What I’m reading: Buyout shock, hobby journalism, Madonna writes and DIY editing

It’s been exactly a year ago today that my whole world changed. I turned in my buyout paperwork to the human resources department at my former newspaper, went to lunch with my sidekick, and for the first time in a very long while was at peace with myself and what was ahead of me.

The thoughts of recent buyout-takers at the Syracuse Post-Standard are hauntingly familiar and kick off a roundup of links about media topics I’ve been reading in recent days:

Don’t mourn for long: Longtime Post-Standard illustrator Darren Sanefski is dealing with fresh, raw emotions that won’t subside in short order:

“I’m still going through this grieving process. Working at the newspaper is what identified me as a person for the last 22 years.”

This is an unbearably hard notion to shake, but it must be licked. Sanefski’s bottom-line perspective virtually mirrors the thought that sealed the deal for me to move on:

“When you conquer your greatest fear, you make the greatest strides. And that’s why I left the newspaper.”

(via Fading to Black)

A young journalist, undaunted: Paralyzed since the age of eight, Sonia Sharp has stormed her way through Columbia Journalism School because, frankly, she’s never wanted to do anything else:

“I grew up with doom and gloom. So you can doom-and-gloom until you’re blue in the face, and I’ll yawn. I still want to be a journalist because I’m stubborn, and dropping in on total strangers and having them open their lives to you is addictive, and I’m not a ‘just say no’ person.

“Journalism marries the two things in the world I’m actually good at—being nosy and writing for money.”

Writing . . . for money? How quaint. (via Romenesko)

But it’s a hobby, isn’t it? Caroline Miller could teach Sharp quite a bit more about the real world of journalism than Columbia. There’s lots of piling onto the anti-Chris Anderson bandwagon (more on that tomorrow) but hers is one of the kvetchiest ripostes yet to the author of “Free:”

“I’ve never met anyone who was insulted to get paid to write something—that seems delusional—but otherwise he gets right to the anxiety deep down in the heart of journalists (and journalism lovers) everywhere. It’s really not about whether newspapers will survive (no, they won’t, not in their current form), or whether they’ll morph into story syndicates or journalistic cooperatives (yeah, they will, or some other form that monetizes content more broadly), but whether people will get paid to report and write at all.”

Blame it all on Robert Redford: I got the journalism bug because of Watergate, and that was due in some part to the glorification of Woodstein in “All The President’s Men” that hit the cinemas during my high school days. For years I figured Hal Holbrook might as well be Deep Throat.

Russ Smith believes this celebrity treatment of journalists has ruined reporting, making us a preening pack of camera hounds and pundits working out of soulless, smokeless, odorless newsrooms (now rapidly thinning out, of course). He loses his point several times in a rambling, but entertaining post that includes this zinger of a caveat:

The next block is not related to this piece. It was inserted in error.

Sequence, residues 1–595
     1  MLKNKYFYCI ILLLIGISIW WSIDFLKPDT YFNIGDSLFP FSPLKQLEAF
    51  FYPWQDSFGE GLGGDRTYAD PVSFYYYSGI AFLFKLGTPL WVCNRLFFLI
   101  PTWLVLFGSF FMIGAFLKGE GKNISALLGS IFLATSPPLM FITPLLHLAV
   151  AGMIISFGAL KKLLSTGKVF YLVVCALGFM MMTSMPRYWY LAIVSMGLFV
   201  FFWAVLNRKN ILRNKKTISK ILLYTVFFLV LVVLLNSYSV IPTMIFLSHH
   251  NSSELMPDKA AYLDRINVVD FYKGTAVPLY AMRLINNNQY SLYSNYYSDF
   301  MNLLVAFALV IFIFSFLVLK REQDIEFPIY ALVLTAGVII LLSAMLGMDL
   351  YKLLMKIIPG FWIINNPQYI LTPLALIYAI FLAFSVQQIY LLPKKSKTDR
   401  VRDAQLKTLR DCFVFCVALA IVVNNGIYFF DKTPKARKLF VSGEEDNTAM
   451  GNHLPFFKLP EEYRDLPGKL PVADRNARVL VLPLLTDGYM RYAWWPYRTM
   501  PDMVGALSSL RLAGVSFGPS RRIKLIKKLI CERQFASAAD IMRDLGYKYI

“That’s not to say all, or even most, daily journalists in the fat decades were pricks who whooped it up with herbal tea and treated cigarette smokers like pariahs even before local governments stuck their noses into that onetime controversial issue.”

Well, I do believe Smith is saying that. He might not have worked in places like that, but I did. While the goo-goo legions in newsrooms are, well, legion — Sign up for Weight Watchers! Join the Walking Club! — this “antiseptic” mindset ranges far beyond the journalistic imagination of Hollywood.

Think what it might be like to have this guy for an editor.

Writing like a virgin . . . for the very first time: Yes, this celebrity journalism thing really is getting out of hand, now that Madonna’s made herself a newspaper correspondent. Yes, the Madonna. Her full debut “story” won’t be published until tomorrow. In it, the Material Girl:

“Describes her religious awakening almost 14 years ago, saying she realized fame and fortune were not the end but only the beginning.”

Today, Israeli’s largest daily. Tomorrow, per chance, the Huffington Post? Perhaps Arianna already has something worked out with Her Girl Friday.

Do your your own damn rewrite: Not sure who’s looking over Miz Ciccone’s copy in that Tel Aviv newsroom, but reporters are having to be their own copy editors with the latter the most endangered species of all journalists. The American Copy Editors Society is revving up its blog to address that topic and others related to the art, practice and discipline of good writing and editing.

Ex-Baltimore Sun desk chief John McIntyre, one of the aces of ACES, takes no pleasure in seeing print errors mount and worries that present Web standards won’t be raised:

“I suspect that one of the things that is on the minds of publishers of online enterprises is a sense that readers on the Internet don’t expect things to be accurate or very well done and, therefore, they are used to tolerating a much higher level of shoddy work, a much greater volume of errors and, therefore, you can sacrifice the quality on the Web and it doesn’t mean that much.”

It’s truly a DIY universe we inhabit. So get your online stylebooks here: Associated Press and Reuters.


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